OTTAWA (Reuters) – Canada’s unemployment rate fell to 5.3% in March, the lowest level on record, underscoring the tightening of the country’s labor market, Statistics Canada data showed on Friday, the economy creating 72,500 net jobs.
The job gain was slightly lower than analysts’ forecast of 80,000, while the jobless rate met expectations. Average hourly wages for permanent employees rose 3.7%, up from a 3.3% gain in February.
“We are beyond full employment. We see the market warming up and it shows with wage growth,” said Jimmy Jean, chief economist at Desjardins Group.
Job growth continues to outpace population growth, leading to tighter labor markets, Statscan said. Since September 2021, Canada has added 463,000 jobs, but only 236,000 new people of working age.
Employment gains were entirely in full-time work, partially offset by a slight decline in part-time work. Employment increased in both the services sector and the goods sector, led by accommodation and food services and construction.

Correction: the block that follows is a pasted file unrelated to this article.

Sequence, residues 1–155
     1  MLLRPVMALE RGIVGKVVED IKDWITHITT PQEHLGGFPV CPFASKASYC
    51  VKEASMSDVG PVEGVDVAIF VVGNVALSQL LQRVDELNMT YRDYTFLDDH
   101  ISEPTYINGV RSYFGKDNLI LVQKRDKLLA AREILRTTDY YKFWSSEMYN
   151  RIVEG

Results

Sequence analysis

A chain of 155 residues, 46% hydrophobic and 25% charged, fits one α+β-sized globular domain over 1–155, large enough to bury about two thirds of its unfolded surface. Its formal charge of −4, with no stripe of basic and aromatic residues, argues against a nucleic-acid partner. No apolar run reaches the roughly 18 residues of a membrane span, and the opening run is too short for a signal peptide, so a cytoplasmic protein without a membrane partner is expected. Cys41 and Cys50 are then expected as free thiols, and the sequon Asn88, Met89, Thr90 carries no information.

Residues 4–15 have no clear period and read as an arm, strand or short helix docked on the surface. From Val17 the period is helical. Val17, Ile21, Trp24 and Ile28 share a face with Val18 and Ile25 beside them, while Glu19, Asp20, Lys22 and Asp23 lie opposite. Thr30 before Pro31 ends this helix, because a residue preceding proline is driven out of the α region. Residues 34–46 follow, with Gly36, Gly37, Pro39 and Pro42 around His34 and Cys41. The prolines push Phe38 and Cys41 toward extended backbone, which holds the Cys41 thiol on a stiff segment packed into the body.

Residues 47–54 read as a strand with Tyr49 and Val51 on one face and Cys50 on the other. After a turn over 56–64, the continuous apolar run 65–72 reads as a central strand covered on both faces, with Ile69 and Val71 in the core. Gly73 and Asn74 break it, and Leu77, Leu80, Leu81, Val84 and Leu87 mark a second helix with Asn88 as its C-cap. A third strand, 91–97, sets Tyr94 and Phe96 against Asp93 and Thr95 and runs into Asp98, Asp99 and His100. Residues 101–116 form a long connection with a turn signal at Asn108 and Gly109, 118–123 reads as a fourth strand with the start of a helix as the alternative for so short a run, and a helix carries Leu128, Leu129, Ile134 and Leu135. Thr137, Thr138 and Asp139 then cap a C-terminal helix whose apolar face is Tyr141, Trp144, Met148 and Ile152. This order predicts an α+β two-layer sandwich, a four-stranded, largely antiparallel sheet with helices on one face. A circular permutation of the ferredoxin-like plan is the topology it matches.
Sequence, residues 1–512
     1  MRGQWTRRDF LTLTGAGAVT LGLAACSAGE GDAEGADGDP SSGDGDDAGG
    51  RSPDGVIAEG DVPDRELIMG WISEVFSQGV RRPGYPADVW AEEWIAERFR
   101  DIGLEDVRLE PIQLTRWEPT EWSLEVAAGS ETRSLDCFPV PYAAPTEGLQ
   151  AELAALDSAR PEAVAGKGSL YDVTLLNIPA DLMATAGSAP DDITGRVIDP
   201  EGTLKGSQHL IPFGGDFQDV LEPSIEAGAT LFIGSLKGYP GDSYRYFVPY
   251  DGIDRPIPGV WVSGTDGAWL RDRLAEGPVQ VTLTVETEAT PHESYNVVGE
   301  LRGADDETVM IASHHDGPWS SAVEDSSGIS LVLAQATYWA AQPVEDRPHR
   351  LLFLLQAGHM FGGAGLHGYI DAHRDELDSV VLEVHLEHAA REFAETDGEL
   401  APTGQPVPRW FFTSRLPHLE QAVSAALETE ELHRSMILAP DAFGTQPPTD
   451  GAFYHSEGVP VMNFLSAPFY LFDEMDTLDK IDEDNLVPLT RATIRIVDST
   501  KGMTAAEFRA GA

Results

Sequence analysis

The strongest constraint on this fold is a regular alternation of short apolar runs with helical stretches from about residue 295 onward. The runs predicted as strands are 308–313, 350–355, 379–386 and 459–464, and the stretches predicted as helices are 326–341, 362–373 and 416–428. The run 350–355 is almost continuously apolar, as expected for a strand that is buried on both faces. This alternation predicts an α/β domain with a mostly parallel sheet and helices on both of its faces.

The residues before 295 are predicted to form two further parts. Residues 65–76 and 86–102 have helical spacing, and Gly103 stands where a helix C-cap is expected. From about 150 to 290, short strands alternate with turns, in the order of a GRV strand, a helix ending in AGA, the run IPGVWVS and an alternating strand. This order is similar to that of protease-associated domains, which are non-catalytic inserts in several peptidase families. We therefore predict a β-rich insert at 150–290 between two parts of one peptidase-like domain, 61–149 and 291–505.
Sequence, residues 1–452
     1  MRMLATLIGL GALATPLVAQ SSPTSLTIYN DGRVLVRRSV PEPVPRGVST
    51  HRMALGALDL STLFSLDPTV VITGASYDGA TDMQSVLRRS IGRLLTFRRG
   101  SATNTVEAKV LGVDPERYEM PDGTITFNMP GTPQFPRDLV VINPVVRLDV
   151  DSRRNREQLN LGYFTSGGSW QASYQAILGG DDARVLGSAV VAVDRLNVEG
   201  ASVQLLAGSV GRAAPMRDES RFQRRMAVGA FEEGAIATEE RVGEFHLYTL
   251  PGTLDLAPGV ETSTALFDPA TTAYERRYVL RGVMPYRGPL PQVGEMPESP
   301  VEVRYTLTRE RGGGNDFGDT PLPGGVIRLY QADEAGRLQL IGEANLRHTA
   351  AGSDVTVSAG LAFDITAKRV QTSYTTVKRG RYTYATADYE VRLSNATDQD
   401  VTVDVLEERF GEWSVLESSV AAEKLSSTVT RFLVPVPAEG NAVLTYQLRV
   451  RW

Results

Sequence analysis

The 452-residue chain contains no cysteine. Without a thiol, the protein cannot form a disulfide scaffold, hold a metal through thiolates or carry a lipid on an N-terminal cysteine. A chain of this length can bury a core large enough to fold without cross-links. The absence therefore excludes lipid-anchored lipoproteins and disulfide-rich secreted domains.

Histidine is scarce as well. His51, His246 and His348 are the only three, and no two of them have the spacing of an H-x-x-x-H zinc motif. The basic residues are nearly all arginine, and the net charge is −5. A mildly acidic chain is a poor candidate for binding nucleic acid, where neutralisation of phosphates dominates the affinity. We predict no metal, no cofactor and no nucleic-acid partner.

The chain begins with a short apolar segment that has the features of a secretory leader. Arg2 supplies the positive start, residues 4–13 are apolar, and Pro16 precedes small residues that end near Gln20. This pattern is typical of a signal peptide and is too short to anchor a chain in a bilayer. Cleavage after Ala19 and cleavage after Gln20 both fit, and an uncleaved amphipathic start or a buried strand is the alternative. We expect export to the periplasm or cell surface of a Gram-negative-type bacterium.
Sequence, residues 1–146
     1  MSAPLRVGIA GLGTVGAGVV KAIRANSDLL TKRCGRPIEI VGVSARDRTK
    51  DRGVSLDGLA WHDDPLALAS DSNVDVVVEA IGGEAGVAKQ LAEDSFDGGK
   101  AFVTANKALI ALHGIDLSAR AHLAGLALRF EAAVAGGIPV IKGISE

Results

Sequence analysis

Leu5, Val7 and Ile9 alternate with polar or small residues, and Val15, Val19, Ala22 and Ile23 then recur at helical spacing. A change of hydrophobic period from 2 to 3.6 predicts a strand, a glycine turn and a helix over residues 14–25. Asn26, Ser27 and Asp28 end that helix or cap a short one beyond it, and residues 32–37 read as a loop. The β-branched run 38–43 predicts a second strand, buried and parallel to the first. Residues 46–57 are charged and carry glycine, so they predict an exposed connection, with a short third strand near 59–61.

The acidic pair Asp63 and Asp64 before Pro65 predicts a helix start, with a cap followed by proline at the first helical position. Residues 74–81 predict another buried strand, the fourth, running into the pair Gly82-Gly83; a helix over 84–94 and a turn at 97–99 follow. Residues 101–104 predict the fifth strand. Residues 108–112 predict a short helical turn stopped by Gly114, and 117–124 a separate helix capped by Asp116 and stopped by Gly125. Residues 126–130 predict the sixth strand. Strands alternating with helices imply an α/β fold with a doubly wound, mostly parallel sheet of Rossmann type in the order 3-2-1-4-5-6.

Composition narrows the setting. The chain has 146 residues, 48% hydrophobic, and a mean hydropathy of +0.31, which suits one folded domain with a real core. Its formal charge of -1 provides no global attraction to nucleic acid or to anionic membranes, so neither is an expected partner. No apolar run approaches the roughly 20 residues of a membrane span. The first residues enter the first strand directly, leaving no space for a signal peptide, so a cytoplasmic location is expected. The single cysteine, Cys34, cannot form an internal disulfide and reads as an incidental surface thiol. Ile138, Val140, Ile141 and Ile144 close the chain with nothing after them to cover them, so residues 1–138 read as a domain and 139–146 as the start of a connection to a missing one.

Canada’s employment rate, a ratio that takes into account population growth and not just net job gains, reached its pre-pandemic level for the first time in March.
By comparison, the U.S. employment rate is still 1.1 percentage points lower than its February 2020 level, Statscan said.
Economists said jobs data continued to support the Bank of Canada raising its benchmark rate by half a point to 1% at its meeting next week.
“Today’s numbers may not be as spectacular as the previous month, but they are still strong enough to support calls for a 50 basis point hike,” said Andrew Grantham, senior economist at CIBC. Capital Markets.
A record number of Canadian businesses say intense labor shortages and ongoing supply chain issues are hampering their ability to expand capacity to meet soaring demand, according to a survey by the central bank this week.
The Canadian dollar stabilized at 1.2588 against the greenback, or 79.44 cents US after the jobs data, virtually unchanged on the day.
(Reporting by Julie Gordon in Ottawa; Additional reporting by Steve Scherer in Ottawa and Fergal Smith in Toronto; Editing by Andrea Ricci)